This monumental, heavy basin has a large, hemispherical bowl; a flared ring foot; a wide rim; and a circular, pierced grill that sits over the well of the basin. The grill sits snugly and has a central, bud-like finial pull.
Such a basin would have been used to catch falling water as guests rinsed their hands most probably with scented rosewater on their arrival, or prior to an important meal. Such a basin was known in the Deccan as a silapchi (also spelt sailabchi).
It is decorated with silver inlay and a darkened ground known as the Bidri technique.
The sides of the base and rim are decorated with carnation flower scrolls within leafy borders.
The foot is decorated with a row of silver leaf-like dashes.
Bidriware originated in the city of Bidar in the Deccan. It is cast from an alloy of mostly zinc with copper, tin and lead. The vessels so decorated are overlaid or inlaid with silver, but also sometimes brass and gold. A paste that contains sal ammoniac is then applied which turns the alloy dark black but leaving the silver, brass or gold unaffected.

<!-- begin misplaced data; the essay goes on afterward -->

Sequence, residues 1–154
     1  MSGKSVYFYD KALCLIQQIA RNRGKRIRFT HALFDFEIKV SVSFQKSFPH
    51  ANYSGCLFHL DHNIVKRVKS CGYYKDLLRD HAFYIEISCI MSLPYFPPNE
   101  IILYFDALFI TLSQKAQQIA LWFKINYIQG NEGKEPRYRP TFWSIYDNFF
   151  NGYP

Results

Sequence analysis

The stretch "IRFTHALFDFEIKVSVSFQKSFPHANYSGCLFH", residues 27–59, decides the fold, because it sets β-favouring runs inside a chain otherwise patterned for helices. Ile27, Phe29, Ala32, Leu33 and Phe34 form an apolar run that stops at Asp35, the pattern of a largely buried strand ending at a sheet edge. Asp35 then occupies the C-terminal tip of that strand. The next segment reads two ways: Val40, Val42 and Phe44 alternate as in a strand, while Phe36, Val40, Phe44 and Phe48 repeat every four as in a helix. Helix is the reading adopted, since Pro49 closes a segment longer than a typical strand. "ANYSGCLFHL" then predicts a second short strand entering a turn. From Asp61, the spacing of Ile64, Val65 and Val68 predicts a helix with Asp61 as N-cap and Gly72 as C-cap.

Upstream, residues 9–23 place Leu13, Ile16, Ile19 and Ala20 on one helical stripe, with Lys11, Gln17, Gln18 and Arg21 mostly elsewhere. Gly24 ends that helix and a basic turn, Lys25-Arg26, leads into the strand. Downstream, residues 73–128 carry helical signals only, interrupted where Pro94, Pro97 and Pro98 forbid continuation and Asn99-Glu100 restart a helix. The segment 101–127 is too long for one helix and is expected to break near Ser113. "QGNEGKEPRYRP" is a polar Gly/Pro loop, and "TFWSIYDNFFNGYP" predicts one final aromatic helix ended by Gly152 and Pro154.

The basin here is in fine condition. Most of the silver inlay is intact, with minor losses to the foot ring and here and there about the base.
A similar, though slightly smaller example comprises lot 110 at Christie’s, ‘Art of the Islamic and Indian Worlds’, London, May 2, 2019. A related example in the Victoria & Albert Museum is illustrated in Stronge (1985, p. 81). Another in the AIHB Crafts Museum, New Delhi, is illustrated in Aditi (1982, p. 136).
Aditi, Festival of India, The Handicrafts and Handlooms Exports Corporation of India Ltd, 1982.
Mittal, J., Bidri Ware and Damascene Work: in Jagdish & Kamla Mittal Museum of Indian Art, Jagdish & Kamla Mittal Museum or Art, 2011.
Sharma R.C. et al, Alamkara: 5000 Years of Indian Art, National Heritage Board (Singapore)/Mapin, 1994.
Stronge, S., Bidri Ware: Inlaid Metalwork from India, Victoria & Albert Museum, 1985.
Zebrowski, M., Gold, Silver & Bronze from Mughal India, Alexandria Press, 1997.